A YA novel told from the perspective of someone with Down’s syndrome. A love story inspired by the author’s experiences alongside her severely autistic brother.
Dead Ends by Erin Lange, reviewed by Annabel Pitcher
Erin Lange’s subject is bullying. In her debut novel, Butter, we were on the side of the victim, a fat boy attempting to eat himself to death on the internet for the grisly viewing pleasure of his peers. In Dead Ends, we are rooting for the bully – hot-headed thug Dane Washington, who kick-starts the action by unapologetically smashing his foot into "some guy’s throat". In Dane’s world, violence is justified if people are "asking for it", the only exception to the rule being girls and "retards".
If you balk at the use of that word, Dead Ends is not the novel for you. Like RJ Palacio, with whom Lange has been compared, she pulls no punches when describing the mistreatment of "freak" Billy D, a teenage boy with Down’s syndrome, who moves into Dane’s street on the wrong side of town (Columbia, Missouri).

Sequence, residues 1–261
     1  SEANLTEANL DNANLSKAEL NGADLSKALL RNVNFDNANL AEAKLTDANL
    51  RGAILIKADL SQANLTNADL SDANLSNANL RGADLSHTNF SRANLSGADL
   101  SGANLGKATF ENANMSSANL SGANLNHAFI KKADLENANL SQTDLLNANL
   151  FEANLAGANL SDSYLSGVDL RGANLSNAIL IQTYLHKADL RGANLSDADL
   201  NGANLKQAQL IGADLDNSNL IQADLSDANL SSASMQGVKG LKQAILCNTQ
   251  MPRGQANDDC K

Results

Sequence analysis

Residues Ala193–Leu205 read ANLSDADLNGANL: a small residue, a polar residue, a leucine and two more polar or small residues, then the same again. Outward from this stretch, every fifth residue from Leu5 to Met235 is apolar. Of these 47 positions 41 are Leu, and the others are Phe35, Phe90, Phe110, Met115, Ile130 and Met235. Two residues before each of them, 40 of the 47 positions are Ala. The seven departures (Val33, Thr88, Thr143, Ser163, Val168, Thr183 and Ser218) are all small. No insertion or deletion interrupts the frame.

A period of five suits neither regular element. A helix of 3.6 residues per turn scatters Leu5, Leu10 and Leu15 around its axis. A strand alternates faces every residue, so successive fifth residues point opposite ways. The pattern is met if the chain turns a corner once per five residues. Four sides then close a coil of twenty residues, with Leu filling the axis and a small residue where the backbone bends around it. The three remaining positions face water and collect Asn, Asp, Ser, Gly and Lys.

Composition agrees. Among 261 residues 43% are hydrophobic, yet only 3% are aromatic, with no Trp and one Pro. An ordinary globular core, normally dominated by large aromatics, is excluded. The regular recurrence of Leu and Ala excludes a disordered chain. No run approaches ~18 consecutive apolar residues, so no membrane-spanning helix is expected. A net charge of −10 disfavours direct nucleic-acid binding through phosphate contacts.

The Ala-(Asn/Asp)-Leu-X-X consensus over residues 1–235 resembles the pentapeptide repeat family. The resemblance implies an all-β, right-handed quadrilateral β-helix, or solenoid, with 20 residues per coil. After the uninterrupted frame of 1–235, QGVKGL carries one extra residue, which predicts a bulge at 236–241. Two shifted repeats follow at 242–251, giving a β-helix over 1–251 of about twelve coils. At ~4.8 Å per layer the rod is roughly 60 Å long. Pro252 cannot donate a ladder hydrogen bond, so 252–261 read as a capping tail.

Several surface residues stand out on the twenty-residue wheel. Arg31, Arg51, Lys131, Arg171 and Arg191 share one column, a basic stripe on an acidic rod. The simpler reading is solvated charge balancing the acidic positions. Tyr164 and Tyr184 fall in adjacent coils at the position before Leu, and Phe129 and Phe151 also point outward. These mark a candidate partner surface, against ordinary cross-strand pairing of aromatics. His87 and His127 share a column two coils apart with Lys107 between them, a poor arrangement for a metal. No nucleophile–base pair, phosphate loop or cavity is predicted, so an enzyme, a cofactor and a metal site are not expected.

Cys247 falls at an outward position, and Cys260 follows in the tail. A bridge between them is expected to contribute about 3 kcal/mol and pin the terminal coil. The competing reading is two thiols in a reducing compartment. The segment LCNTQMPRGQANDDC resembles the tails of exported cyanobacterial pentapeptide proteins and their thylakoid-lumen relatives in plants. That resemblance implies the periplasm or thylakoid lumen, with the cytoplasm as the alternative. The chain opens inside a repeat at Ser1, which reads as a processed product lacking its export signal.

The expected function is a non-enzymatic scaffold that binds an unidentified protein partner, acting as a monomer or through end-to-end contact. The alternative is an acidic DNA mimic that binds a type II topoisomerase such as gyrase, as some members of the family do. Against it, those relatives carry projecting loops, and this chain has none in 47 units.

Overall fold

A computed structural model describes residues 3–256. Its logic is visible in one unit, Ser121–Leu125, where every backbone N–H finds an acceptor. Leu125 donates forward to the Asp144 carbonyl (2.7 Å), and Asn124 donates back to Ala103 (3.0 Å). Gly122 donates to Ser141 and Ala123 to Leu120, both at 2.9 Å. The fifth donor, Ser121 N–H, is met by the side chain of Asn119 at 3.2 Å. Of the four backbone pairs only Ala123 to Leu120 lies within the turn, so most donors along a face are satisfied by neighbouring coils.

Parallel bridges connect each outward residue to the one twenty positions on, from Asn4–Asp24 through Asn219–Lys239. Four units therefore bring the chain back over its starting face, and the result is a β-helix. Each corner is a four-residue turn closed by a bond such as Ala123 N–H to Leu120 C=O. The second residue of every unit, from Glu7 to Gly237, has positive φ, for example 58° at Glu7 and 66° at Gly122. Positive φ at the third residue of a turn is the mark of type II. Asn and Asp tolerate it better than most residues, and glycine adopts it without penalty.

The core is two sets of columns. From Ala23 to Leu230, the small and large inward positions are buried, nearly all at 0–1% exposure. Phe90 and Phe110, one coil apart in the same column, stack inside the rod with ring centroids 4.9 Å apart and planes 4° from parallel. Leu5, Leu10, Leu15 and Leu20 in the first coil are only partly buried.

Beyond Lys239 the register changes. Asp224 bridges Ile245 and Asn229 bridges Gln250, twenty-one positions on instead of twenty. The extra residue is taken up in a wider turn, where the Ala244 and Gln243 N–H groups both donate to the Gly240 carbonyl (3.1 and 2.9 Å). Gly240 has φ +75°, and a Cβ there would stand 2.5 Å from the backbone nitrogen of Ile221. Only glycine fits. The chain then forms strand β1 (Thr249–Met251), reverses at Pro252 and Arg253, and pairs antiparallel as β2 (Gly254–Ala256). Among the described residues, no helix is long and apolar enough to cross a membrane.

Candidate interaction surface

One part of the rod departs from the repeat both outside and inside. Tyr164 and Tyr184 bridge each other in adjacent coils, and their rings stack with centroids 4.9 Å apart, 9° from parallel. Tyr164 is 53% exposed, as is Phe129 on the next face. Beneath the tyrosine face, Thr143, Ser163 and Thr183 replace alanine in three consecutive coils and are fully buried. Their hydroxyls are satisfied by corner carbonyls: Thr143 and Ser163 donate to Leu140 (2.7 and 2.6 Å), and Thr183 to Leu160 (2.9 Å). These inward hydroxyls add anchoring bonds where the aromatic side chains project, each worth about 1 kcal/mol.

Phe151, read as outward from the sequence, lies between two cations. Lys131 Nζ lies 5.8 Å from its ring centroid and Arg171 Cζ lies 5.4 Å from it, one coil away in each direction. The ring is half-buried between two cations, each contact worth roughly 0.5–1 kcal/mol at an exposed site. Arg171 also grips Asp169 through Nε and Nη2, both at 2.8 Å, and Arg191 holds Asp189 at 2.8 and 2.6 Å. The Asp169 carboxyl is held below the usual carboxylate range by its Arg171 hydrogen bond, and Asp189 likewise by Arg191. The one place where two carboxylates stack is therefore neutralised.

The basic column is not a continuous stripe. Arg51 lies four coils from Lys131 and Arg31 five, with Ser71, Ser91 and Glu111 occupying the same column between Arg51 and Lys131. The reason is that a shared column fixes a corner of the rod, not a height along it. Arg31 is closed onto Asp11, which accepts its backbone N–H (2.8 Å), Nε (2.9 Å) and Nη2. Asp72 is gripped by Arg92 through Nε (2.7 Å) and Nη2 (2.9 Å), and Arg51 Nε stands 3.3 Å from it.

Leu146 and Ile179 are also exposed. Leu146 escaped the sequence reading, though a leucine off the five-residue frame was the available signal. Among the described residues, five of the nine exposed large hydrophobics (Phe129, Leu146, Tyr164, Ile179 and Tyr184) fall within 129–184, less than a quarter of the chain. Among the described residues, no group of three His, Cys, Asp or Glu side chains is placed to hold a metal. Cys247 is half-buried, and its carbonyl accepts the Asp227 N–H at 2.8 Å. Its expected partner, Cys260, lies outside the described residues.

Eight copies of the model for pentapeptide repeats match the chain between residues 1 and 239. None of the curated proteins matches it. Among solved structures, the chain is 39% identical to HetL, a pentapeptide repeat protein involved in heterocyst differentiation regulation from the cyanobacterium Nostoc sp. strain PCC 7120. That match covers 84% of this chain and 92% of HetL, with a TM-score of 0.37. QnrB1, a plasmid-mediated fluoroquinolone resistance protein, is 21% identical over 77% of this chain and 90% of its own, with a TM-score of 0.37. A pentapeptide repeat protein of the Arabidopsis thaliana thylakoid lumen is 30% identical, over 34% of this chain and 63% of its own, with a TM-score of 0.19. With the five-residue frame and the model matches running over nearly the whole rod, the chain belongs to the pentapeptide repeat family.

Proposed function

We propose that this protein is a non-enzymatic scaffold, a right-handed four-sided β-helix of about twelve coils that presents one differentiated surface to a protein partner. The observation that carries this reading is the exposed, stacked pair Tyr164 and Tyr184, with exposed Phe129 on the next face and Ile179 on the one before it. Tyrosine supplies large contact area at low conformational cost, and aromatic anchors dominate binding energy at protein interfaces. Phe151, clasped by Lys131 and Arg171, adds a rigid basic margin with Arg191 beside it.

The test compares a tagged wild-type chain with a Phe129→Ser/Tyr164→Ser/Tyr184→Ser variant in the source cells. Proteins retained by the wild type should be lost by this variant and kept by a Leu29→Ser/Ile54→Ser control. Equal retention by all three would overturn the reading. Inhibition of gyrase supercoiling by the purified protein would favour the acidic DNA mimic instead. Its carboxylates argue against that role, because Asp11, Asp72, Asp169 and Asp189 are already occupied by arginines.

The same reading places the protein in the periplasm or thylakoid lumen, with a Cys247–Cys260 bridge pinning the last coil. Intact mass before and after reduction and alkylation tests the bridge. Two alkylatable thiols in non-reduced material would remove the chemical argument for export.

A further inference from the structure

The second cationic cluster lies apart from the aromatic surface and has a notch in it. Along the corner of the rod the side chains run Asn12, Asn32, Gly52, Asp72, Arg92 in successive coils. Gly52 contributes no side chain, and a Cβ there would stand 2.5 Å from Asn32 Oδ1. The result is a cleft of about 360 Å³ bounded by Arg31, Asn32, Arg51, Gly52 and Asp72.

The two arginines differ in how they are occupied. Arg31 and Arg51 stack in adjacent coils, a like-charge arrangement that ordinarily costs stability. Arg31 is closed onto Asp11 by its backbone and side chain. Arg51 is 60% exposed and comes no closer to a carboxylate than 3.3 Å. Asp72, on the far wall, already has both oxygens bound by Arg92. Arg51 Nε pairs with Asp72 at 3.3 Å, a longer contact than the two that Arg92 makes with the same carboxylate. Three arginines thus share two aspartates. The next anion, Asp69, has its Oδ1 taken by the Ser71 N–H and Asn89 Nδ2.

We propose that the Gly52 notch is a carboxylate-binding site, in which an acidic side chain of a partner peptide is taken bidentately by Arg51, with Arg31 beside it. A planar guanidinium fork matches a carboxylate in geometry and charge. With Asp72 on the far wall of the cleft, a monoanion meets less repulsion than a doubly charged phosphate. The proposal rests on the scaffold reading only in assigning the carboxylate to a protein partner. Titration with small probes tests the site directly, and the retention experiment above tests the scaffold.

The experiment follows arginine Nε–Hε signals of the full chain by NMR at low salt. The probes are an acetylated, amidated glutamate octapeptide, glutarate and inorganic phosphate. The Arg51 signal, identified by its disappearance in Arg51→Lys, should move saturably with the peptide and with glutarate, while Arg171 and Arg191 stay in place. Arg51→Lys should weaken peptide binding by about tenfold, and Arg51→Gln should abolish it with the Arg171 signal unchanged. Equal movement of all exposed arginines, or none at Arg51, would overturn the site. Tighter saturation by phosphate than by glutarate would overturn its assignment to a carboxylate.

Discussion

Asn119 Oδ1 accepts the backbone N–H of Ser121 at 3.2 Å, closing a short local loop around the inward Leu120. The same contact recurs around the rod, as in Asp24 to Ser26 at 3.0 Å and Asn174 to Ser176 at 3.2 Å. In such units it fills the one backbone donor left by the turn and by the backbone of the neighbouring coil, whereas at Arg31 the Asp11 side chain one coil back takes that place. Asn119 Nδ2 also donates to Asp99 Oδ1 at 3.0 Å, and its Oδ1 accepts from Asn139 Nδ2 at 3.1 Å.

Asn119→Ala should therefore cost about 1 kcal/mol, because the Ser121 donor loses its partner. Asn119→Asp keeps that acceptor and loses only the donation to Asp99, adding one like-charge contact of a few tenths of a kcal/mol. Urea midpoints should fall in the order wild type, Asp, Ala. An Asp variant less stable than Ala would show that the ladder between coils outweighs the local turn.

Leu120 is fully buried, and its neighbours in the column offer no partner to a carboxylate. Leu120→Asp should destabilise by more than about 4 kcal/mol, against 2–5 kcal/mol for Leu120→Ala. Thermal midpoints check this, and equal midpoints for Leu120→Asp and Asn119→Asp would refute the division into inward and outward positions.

From The Independent’s Children’s Books Blog, a Q&A with Sophie Smiley, author of a series of chapter books illustrated by Michael Foreman:
Sophie Smiley is the author of a heart-warming series of chapter books about a football-mad family. Packed with charming illustrations by the award-winning Michael Foreman, the books follow the adventures of big sister Charlie (short for Charlton) and her brother Bobby, who has Down’s syndrome. Books in the series include Bobby, Charlton and the Mountain, Man of the Match and Team Trouble.
Sophie recently took part in a cultural exchange between British and Turkish writers before speaking at the London Book Fair, where Turkey was this year’s Market Focus. When she’s not busy working on her novels, Sophie teaches English, Film Studies and Creative Writing. She lives in Cambridge.